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eeb #613421 04/03/22 10:26 AM
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The G.E. Lewis "Magnum" 3" with 1 1/2 oz. shot 12b were introduced c. 1920 (before Olin's Progressive Burning Oval)

[Linked Image from photos.smugmug.com]

Major Sir Gerald Burrard, The Modern Shotgun, Volume II, “The Cartridge”, 1955 3rd Revised Edition reported pressures (converted from Long Tons/ Sq. Inch)
10g 2 7/8” 1 7/16 oz. 4 Dr. Eq. standard service 9,296 psi with maximum service 11,984 psi
12g 3” 1 1/2 oz. 3.57 Dr. Eq. standard service 9,632 psi with maximum service 12,320 psi

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eeb #613422 04/03/22 10:27 AM
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According to my copy of the 1989 Rules of Proof book. For Standard Proof 4 & 8 bores are Proofed at 800 bars. 10, 12 &14 bores at 850 bars, 16 bores at 900 bars and 20, 24, 28, 32 and .410 bore are proofed at 950 bars. The larger the bore the less the pressure as the gas has more room to play in and the tighter the bore the greater the pressure; a bit like squeezing a hose pipe and getting to blow off where it fits the tap. Lagopus.....

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eeb #613424 04/03/22 12:53 PM
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Thank you gentlemen for your responses

eeb #613427 04/03/22 02:29 PM
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This is an updated version of the CIP regulations converting BAR to PSI using piezo transducer derived numbers

12g 50mm, 65mm, and 70mm “Standard Proof” lead or steel Maximum Average (SERVICE) Pressure 740 BAR = 10,733 psi; Maximum Statistical Individual Pressure 850 BAR = 12,328 psi; Mean PROOF Pressure 930 BAR = 13,489 psi

Both 65 and 70 mm 16g standard is SERVICE 780 BAR or 11,313 psi; Maximum Statistical Individual Pressure 900 BAR or 13,053 psi; PROOF 980 BAR or 14,214 psi.

Both 65 and 70 mm 20g standard is SERVICE 830 BAR or 12,038 psi; MSIP 950 BAR or 13,779 psi; PROOF 1040 BAR or 15,084 psi.

eeb #613445 04/03/22 09:52 PM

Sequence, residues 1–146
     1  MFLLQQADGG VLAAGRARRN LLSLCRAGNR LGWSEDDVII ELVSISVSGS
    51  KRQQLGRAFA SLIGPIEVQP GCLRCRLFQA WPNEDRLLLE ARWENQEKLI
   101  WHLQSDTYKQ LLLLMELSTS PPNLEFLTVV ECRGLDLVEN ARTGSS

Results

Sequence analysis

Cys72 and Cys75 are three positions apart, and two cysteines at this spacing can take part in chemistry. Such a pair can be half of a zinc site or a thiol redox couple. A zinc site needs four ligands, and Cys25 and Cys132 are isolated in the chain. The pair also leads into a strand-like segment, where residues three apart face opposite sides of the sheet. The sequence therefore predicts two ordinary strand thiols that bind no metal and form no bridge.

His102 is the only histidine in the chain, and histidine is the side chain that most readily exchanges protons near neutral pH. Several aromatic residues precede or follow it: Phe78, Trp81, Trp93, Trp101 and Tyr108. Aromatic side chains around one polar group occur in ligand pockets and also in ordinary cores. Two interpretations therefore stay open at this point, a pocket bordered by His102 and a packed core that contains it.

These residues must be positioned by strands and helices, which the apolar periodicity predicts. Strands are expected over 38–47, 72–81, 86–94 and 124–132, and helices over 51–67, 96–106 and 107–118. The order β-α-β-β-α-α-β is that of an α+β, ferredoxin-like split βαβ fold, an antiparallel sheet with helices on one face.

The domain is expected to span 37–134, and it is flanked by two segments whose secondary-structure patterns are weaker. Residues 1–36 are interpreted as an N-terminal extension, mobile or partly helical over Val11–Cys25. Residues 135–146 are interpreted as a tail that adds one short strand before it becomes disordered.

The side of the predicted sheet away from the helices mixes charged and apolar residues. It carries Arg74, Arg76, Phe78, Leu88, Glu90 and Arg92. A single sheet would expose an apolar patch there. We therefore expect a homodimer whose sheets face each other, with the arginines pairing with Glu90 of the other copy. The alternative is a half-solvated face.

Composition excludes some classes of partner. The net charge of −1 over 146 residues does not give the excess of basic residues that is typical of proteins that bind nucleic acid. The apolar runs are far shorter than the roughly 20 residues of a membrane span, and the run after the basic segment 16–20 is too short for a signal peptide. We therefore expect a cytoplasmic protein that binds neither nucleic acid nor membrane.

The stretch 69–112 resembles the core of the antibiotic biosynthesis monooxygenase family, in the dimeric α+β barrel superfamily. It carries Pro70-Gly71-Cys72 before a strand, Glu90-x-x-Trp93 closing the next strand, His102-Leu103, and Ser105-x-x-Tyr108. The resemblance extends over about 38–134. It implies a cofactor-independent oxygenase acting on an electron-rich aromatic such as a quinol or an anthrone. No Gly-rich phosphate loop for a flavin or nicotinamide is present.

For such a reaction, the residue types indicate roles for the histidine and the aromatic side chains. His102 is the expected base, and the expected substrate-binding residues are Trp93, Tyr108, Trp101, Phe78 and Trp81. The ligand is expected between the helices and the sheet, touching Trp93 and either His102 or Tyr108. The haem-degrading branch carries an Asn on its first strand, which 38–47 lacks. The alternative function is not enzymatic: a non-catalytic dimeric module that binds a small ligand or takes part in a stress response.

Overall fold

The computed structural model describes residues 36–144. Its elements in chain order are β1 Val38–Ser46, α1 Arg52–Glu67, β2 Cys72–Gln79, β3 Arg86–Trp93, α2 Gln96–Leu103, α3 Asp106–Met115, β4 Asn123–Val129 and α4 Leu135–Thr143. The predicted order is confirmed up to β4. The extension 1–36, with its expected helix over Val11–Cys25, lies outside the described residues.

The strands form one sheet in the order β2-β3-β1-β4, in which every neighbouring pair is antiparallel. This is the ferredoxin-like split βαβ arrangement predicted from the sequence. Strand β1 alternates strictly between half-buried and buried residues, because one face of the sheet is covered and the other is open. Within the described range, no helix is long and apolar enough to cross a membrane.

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Like I said, we make way too much about service vs. proof pressure. As a personal choice I go for lower than service pressure levels in my loads. I can easily find 12 loads in the 5,500 to 7,000psi which handle almost all my shooting needs. For the 20 I bump it up to 8,000 to 8,500psi but do not get excited about 9,000psi. If you reload that gives you a ton of loads to draw from even in these times of difficult to find powders. Factory pressures for American shells are loaded to SAAMI safe levels which are higher. Unless I know for certain what they factory pressures are I just go with my re-loads or CIP approved ammo. Every shell I have loaded on my shelves are low pressure loads, with the exception of a few small batches of loads for hunting situations and they are clearly marked on the primer end. You might need to check if it is 2 1/2 or 2 3/4" at most and my pressures are so low that is not even that big of a deal. I have been much more relaxed about "service pressures" ammo for my classic doubles since I went to uniform loads. The shot size may change depending on intended use, but a 1150fps, load low pressure load, is safe in any gun I own and shoot. About as simple as it can get. I can go down to 1100fps and a few go 1200 but nothing so silly as the current rage of 1450fps ammo which seems to be the current default shell everyone seems to use.

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Originally Posted by Drew Hause
This is an updated version of the CIP regulations converting BAR to PSI using piezo transducer derived numbers

12g 50mm, 65mm, and 70mm “Standard Proof” lead or steel Maximum Average (SERVICE) Pressure 740 BAR = 10,733 psi; Maximum Statistical Individual Pressure 850 BAR = 12,328 psi; Mean PROOF Pressure 930 BAR = 13,489 psi

Both 65 and 70 mm 16g standard is SERVICE 780 BAR or 11,313 psi; Maximum Statistical Individual Pressure 900 BAR or 13,053 psi; PROOF 980 BAR or 14,214 psi.

Both 65 and 70 mm 20g standard is SERVICE 830 BAR or 12,038 psi; MSIP 950 BAR or 13,779 psi; PROOF 1040 BAR or 15,084 psi.

Very good info, Doc Drew.

Of course neither the proof nor service pressure figures are currently stamped on British shotguns. They've been replaced by STD for standard proof and SUP for superior or magnum proof.